The com­pany per­forms tree-length log­ging op­er­a­tions. Track ma­chines with har­vest­ing at­tach­ments fell the tim­ber. Other ma­chines fol­low to shovel the trees to skid roads as needed, and the skid­der picks up hitches of trees and drags them to a land­ing or deck. At the land­ing, a ma­chine with

We’re tak­ing a whole move­ment out of the sys­tem.

a pro­cess­ing at­tach­ment de­limbs the trees and cuts them to length, and other ma­chines sort and stack the logs and load them onto trucks.

The new Cat 538 For­est Ma­chine is set up for gen­eral forestry work. It is equipped with a LogMax 7000XT at­tach­ment for pro­cess­ing trees at the land­ing. Matthew wanted a track ma­chine for work­ing at the land­ing, he said, for its reach and other fac­tors. His other Cat For­est Ma­chines are used for shov­el­ling or load­ing op­er­a­tions.

He con­sid­ered other man­u­fac­tur­ers, but he and his fa­ther have had good ex­pe­ri­ence with Cat ex­ca­va­tors and forestry ma­chines over the years “and never had any drama to them”.

Mathew has been do­ing busi­ness with Cat since he has been in log­ging, and his con­nec­tion through his fa­ther’s com­pany goes back even longer. That ex­pe­ri­ence has demon­strated that he can rely on Cat and its deal­ers for ser­vice and sup­port.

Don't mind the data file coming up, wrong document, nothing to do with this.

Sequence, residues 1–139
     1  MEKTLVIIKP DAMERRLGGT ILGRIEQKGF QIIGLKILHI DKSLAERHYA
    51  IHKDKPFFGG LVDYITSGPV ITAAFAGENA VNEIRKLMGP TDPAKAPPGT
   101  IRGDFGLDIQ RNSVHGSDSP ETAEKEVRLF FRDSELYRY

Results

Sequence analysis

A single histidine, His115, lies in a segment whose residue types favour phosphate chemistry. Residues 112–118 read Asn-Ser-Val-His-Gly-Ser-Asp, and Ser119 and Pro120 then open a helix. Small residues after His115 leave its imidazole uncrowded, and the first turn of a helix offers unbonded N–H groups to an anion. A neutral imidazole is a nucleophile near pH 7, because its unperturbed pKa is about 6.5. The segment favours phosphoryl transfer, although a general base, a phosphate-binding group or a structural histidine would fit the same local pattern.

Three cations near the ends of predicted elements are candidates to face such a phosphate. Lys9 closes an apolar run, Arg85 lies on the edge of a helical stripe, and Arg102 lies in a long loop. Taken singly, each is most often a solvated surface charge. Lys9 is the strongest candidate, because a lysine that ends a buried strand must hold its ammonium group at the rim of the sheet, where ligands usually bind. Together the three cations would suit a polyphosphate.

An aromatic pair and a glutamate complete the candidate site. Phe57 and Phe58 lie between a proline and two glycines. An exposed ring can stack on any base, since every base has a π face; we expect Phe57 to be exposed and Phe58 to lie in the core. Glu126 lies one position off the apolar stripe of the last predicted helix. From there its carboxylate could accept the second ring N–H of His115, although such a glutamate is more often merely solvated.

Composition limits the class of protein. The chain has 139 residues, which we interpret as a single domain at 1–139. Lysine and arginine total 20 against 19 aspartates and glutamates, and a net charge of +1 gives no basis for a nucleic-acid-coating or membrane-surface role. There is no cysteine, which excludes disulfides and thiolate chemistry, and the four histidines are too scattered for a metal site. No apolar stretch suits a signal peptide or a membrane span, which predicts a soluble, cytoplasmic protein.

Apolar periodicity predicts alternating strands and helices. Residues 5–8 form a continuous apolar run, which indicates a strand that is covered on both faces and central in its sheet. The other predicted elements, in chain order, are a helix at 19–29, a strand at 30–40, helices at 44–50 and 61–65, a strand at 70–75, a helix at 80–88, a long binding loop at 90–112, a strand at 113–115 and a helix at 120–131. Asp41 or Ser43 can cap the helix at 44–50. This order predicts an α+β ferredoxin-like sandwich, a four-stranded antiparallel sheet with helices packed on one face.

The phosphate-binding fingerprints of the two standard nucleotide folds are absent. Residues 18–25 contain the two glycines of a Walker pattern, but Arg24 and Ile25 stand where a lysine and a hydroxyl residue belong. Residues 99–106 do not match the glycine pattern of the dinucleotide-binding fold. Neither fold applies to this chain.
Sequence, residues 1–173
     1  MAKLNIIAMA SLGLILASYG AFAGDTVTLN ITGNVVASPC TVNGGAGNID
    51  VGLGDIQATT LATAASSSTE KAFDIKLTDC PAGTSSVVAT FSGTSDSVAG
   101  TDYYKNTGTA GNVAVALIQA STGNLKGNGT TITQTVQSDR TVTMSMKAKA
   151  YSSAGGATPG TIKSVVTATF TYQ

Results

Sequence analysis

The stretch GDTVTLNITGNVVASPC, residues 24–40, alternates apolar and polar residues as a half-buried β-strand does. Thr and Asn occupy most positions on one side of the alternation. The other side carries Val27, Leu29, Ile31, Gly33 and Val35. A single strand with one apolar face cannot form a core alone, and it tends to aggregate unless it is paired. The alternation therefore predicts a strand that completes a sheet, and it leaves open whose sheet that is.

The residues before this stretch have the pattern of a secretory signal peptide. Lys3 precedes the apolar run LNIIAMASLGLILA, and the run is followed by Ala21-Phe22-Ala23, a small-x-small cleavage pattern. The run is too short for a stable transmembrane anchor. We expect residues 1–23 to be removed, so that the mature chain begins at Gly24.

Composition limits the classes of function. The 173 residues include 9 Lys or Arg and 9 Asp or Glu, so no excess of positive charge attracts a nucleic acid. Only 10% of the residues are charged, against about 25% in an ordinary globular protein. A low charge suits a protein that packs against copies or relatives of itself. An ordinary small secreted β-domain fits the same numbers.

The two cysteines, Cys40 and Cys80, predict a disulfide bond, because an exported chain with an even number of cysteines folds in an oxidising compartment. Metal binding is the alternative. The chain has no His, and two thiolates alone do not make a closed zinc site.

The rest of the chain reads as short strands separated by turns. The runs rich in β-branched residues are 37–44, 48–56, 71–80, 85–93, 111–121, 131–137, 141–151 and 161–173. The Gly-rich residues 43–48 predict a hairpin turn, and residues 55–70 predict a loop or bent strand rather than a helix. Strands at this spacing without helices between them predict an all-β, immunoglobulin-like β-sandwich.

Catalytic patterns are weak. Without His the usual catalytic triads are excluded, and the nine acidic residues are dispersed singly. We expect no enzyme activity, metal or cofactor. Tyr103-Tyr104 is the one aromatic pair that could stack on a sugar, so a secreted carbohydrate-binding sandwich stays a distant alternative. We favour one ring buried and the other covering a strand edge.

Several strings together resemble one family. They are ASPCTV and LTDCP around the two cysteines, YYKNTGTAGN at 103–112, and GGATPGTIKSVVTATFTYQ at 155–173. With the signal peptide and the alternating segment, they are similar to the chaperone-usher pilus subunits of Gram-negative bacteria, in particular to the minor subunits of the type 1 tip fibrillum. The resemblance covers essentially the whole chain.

He has been par­tic­u­larly pleased with the Cat 538 For­est Ma­chine for its fuel econ­omy and quiet, sta­ble op­er­a­tion. “Fuel econ­omy is a big one,” said Matthew. He es­ti­mates he is sav­ing 2-3 litres of fuel per hour.

“It’s quiet,” he said, in the cab for the op­er­a­tor and out­side as well. He has been im­pressed by the heavy-duty track sys­tem and pur­pose-built un­der­car­riage. “Built sta­ble, very sta­ble.”

Op­er­a­tor com­fort is “re­ally good,” he added. “It’s the best seat I’ve ever had in a ma­chine.”

He’s plan­ning to buy another Cat For­est Ma­chine in the near fu­ture, a Cat 558 LL.

He owned For­warders in the past but de­cided to sell them. “I moved away from for­warders be­cause I wanted to get away from dou­ble-han­dling wood,” he ex­plained. With his ap­proach, trucks are loaded di­rectly at the decks. “We’re tak­ing a whole move­ment out of the sys­tem.

“That’s where a pur­pose­built log loader works bet­ter,” he added, “stack­ing and load­ing.”

Sierra For­est Ser­vices works in hilly and steep ter­rain at times. Log­ging on steep ground is “tough,” he ac­knowl­edged... “it’s in­ter­est­ing.” He is con­sid­er­ing the use of ca­ble-as­sisted har­vesters for felling tim­ber in steep ter­rain.

Matthew en­joys trav­el­ling when he has the op­por­tu­nity, and has vis­ited the USA and Canada over the years to learn about log­ging meth­ods in those coun­tries and to see demon­stra­tions of new equip­ment.

He and his wife, who han­dles the ad­min­is­tra­tive du­ties for the busi­ness, have two chil­dren, ages 10 and 13. The com­pany is named for their daugh­ter, Sierra.

■ Matthew Stoppa (in red jacket) and An­thony Wat­son (Cater­pil­lar's Forestry In­dus­try Man­ager based in Tul­la­ma­rine, Vic­to­ria) at the site in Starth Creek ,Vic­to­ria.

Newspapers in English

Newspapers from Australia

© PressReader. All rights reserved.